There, the Greater Kansas City Community Foundation leveraged the power of donor-advised funds as a recruitment tool for aspiring philanthropists to pass
the venerable Ewing Marion Kauffman Foundation in 2013 and claim the title as the region’s biggest. In 2020, for the first time, GKCCF surged over the $4 billion mark in total assets. That was up from $3.73 billion just a year earlier.

And demonstrating just how significant the growth has been overall, the Hall Family Foundation—No. 4 a decade ago—was still in that position for 2020, despite a healthy increase in assets of $118 million. To put that into perspective, that growth alone was bigger than the assets of the 10th-ranked foundation in 2010.

Those numbers hold up well when compared to national figures.

Giving USA 2021, which conducts some of the most comprehensive research into the non-profit sphere, showed that combined giving to charities from individuals, foundations and corporations reached an estimated $471.44 billion to U.S. charities in 2020. That was up 5.1 percent over the 2019 figure.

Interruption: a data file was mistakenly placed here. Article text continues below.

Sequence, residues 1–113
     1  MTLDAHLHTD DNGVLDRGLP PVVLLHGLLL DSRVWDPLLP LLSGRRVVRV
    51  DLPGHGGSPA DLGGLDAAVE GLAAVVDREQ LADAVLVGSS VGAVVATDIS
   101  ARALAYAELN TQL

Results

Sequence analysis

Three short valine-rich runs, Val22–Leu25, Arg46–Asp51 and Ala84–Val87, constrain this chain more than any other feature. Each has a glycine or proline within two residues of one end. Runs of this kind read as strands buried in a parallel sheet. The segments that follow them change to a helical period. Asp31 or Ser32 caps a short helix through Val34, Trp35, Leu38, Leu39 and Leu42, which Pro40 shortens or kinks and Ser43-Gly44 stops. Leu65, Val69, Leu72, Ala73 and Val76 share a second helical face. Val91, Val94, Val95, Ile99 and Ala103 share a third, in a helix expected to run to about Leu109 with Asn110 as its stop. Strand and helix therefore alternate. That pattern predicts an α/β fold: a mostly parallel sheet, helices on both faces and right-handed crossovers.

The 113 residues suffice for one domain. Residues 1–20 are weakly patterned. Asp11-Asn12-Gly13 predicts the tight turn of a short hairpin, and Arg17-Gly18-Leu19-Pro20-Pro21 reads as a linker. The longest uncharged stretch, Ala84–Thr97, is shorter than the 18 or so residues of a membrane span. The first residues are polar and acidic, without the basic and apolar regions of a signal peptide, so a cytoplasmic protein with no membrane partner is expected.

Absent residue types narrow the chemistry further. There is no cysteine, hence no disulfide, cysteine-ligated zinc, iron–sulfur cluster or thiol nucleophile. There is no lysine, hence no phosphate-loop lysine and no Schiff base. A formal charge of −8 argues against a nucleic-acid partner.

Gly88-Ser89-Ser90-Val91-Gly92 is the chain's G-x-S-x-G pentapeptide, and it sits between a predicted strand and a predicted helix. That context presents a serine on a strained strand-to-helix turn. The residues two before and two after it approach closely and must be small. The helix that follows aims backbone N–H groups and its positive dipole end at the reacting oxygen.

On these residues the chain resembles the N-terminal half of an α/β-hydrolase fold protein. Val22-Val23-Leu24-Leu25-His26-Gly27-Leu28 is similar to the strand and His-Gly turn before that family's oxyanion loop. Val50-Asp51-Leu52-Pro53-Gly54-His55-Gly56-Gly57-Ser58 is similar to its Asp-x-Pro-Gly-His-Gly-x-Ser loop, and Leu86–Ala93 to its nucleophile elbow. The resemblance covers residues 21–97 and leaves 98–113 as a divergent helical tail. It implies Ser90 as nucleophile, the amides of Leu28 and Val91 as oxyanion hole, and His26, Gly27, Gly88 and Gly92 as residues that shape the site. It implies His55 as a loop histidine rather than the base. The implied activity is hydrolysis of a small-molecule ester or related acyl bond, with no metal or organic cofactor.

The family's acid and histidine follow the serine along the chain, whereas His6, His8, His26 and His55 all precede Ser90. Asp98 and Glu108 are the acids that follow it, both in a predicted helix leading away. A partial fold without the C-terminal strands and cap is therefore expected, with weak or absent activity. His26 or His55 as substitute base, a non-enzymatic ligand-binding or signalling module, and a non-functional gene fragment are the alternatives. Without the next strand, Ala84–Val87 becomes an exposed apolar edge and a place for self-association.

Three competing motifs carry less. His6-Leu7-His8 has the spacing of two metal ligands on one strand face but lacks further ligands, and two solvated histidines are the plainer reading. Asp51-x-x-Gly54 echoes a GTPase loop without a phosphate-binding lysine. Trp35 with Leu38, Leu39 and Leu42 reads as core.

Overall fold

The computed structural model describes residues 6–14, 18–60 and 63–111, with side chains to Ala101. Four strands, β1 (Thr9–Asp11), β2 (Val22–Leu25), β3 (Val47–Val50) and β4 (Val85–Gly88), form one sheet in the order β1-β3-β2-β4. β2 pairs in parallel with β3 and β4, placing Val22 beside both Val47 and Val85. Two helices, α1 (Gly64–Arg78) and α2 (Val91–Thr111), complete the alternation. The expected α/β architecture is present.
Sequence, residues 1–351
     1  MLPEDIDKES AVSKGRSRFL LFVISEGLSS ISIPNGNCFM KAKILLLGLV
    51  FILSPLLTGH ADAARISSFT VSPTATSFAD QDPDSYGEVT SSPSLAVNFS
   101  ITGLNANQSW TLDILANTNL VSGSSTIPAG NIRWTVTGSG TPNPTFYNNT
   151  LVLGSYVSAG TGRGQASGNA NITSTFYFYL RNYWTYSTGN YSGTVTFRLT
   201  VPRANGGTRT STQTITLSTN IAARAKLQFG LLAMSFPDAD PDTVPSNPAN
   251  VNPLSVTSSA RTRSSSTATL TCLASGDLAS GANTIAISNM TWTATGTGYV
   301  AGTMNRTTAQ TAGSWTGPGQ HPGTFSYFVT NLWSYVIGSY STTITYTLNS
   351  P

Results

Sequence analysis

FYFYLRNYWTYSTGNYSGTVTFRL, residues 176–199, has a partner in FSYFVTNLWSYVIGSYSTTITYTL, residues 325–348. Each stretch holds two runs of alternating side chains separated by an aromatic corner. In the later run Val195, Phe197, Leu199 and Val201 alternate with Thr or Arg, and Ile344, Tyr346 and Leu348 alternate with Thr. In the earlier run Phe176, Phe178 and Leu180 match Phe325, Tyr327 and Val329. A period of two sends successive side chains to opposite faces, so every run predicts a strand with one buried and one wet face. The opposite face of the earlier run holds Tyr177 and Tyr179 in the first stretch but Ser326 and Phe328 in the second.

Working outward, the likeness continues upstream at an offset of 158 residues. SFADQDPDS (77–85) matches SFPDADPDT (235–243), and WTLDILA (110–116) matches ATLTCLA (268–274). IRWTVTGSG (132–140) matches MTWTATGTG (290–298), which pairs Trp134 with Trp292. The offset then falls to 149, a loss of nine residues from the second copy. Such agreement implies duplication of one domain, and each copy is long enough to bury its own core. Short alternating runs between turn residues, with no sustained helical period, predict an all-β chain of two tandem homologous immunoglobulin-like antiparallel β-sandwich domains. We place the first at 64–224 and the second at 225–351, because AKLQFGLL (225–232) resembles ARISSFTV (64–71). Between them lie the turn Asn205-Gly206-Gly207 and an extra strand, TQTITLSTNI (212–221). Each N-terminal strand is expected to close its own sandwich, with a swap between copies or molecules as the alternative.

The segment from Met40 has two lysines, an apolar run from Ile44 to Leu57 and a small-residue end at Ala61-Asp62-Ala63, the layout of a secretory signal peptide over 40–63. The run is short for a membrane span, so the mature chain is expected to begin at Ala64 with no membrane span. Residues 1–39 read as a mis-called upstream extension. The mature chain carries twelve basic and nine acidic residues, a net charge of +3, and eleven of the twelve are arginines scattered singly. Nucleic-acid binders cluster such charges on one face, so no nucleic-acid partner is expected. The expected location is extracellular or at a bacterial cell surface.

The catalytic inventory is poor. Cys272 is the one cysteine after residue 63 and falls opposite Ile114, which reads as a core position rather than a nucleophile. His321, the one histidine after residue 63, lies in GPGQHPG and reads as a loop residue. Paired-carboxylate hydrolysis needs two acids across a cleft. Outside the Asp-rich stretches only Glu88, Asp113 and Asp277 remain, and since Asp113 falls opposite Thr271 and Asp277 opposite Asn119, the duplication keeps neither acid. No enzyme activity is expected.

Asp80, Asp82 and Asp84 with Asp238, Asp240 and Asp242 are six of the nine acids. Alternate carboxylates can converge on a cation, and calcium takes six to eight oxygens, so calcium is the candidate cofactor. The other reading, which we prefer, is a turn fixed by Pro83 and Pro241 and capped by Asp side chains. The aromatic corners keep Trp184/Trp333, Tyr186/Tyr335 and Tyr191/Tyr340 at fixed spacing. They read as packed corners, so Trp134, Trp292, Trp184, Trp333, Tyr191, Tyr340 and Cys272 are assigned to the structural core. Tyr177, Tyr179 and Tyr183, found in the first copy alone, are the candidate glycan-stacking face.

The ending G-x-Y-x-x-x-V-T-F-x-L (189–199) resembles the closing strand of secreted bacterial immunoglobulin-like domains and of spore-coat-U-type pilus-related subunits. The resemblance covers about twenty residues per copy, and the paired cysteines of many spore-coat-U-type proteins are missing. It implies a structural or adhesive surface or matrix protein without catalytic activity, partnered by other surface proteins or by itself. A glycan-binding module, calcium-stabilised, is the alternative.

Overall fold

“Unprecedented developments in 2020 including the global pandemic, the ensuing economic crisis, and efforts to advance racial justice created intense, widespread need and significantly increased the demand upon non-profit organizations,” said Laura MacDonald, CFRE, chair of Giving USA Foundation. “Remarkably, generous giving, coupled with the stock market turnaround in the final months of the year, boosted contributions.”

While it was a record for charitable giving, she cautioned that certain areas of need had become even more acute during the economic turbulence. 

That’s because in many ways, 2020 was a story of uneven impact and uneven recovery,” said Amir Pasic, dean of the Lilly Family School of Philanthropy, which publishes the Giving USA report. “Many wealthier households were more insulated from the effects of COVID-19 and the ensuing economic shock, and they may have had greater capacity to give charitably than households and communities that were disproportionately affected and struggled financially.”

Similarly, growth in the S&P 500 in recent years and the market recovery in 2020 positioned foundations to respond to the year’s challenges, he said. “with the result that giving by foundations reached its largest-ever share of total giving, at 19 percent. Still, for many people and communities, the need remained great throughout the year and beyond.”